Crisp and sunny mornings, and the crunch of dried leaves underneath your feet: these are the things that epitomise, and excite me most about, autumn. It's the beginning of our hibernation. We harvest the fields and take stock of what the year has given us. We pickle and we preserve, and we prepare for months of little yield.  

Most thrillingly - and perhaps a vast antithesis to the grateful gathering - we begin to let loose and indulge. Pumpkin spice lattes are my guilty pleasure, so when Baileys released their Pumpkin Spice, I had to get down to work. 

Ingredients - serves 8-10

For the Base

  • 300g gingernut biscuits
  • 75g unsalted butter 

For the Filling

  • 900g full-fat cream cheese
  • 250g sour cream
  • 250g light brown muscovado sugar
  • 3 large eggs
  • 1 large egg yolk
  • 125ml Baileys pumpkin spice
  • 2 tbsp cornflour 
  • 1 tbsp coffee extract 

For the Topping and Finish

  • 250ml sour cream
  • 2tbsp caster sugar
  • 2tbsp Baileys pumpkin spice
  • 250ml double cream
  • Gingernut biscuits, broken
  • Dried bay leaves
  • Cloves
  • Cinnamon sticks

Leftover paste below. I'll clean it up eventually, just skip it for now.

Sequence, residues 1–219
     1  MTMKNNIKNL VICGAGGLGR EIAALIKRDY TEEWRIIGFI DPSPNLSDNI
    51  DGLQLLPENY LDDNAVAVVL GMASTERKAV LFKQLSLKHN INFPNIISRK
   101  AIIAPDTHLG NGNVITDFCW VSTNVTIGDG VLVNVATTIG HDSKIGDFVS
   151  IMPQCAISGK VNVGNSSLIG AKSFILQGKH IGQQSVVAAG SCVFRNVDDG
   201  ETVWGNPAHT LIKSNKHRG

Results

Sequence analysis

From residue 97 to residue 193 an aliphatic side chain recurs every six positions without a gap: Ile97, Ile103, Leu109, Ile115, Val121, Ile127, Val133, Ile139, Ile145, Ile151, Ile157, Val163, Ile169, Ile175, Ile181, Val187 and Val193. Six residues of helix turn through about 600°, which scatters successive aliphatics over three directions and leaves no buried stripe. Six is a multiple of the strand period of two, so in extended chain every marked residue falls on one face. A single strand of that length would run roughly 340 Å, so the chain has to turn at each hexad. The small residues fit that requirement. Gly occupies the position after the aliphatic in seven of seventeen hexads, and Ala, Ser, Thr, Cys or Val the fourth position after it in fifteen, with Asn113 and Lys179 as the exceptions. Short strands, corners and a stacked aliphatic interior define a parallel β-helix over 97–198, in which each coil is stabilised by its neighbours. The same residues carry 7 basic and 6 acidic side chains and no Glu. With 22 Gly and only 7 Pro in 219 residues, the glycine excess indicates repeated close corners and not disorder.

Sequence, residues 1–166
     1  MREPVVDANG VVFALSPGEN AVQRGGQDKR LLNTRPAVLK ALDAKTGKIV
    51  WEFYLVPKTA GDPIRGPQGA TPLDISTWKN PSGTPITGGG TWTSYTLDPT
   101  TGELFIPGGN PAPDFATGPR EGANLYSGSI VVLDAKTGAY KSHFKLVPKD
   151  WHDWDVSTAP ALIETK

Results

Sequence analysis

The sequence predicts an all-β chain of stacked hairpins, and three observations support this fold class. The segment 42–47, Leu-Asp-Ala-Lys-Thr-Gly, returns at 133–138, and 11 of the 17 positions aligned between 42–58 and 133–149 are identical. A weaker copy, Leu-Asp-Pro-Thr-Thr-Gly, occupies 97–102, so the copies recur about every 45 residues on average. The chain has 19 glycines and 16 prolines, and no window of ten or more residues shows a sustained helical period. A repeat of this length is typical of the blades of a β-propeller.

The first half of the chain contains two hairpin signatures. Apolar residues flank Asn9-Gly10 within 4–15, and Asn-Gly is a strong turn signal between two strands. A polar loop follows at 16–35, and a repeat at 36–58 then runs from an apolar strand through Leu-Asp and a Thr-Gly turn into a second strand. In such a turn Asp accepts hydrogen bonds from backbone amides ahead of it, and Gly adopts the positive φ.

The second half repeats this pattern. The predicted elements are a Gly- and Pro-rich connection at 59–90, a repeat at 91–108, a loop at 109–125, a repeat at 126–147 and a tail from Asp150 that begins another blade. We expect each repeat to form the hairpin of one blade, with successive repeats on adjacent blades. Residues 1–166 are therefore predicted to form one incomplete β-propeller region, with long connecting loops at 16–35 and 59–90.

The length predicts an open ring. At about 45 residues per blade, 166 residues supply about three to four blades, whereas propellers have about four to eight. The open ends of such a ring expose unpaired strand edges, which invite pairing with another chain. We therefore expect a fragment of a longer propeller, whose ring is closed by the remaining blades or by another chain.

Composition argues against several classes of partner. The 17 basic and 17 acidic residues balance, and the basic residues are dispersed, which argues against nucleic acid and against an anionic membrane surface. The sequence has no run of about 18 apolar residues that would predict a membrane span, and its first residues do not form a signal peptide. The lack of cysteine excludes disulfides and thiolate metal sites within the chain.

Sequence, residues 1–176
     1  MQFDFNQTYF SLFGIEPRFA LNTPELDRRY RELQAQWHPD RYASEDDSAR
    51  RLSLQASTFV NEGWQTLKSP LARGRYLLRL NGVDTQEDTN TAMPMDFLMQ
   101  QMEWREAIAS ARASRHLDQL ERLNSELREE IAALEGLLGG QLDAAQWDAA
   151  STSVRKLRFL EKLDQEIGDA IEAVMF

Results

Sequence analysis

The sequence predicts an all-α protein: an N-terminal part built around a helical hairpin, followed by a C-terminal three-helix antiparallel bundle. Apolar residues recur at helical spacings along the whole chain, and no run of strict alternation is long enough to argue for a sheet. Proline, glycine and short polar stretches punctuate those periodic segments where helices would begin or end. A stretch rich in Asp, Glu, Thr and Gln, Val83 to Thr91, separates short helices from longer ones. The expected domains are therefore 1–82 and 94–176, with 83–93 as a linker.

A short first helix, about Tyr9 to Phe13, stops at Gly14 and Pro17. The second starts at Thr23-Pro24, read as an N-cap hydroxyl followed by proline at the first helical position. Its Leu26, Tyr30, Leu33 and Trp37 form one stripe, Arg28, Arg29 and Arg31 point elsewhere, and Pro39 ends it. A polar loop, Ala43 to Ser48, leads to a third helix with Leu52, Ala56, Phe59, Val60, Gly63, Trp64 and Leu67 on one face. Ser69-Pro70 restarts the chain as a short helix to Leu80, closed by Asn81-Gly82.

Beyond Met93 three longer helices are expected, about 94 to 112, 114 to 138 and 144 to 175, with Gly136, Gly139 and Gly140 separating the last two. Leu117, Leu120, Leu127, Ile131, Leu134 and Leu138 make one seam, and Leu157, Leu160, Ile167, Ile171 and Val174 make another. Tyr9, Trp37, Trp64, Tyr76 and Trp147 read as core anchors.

Preheat the oven to 160C fan/180 conventional/gas mark 4. Grease a 23cm springform tin and line the base with baking paper.

For the base, put the biscuits into a food processor fitted with blade attachment and add the butter. Blitz to a damp sand consistency, then tip into the prepared tin and press down to compact evenly. Bake for 15 minutes, then remove from the oven and allow to cool completely. If you don’t have a food processor, put the biscuits into a bag and bash them to a fine crumb. Melt the butter and allow to cool, then combine with the biscuit crumbs in a mixing bowl and continue as above.

Meanwhile make the filling. Put the cream cheese and sour cream into a freestanding mixer fitted with paddle attachment, and beat until smooth. Add the sugar and eggs and beat again, then add the remaining ingredients and beat until smooth.

Pour the filling over the cooled base and bake for 20 minutes, then reduce the oven to 140C fan/160C conventional/gas mark 3 and bake for a further 50-60 minutes. The cheesecake should be set with a slight tremble in the middle. Allow the cheesecake to cool to room temperature – don’t worry if it cracks a little. Increase the oven to 160C fan/180C conventional/gas mark 4.

For the topping, mix together the sour cream, sugar and Baileys. Pour the mixture over the cooled cheesecake and bake for just 15 minutes. This will set the sour cream. Allow to cool completely, then chill overnight, or for at least 4 hours.

To finish, whip the cream to soft, floppy peaks, and spread it over the top of the cheesecake. Decorate with the gingernut crumbs, bay leaves, cinnamon sticks and cloves – don’t forget to tell those eating it to remove the decorations before eating it, unless they’re partial to the mouth-numbing qualities of clove.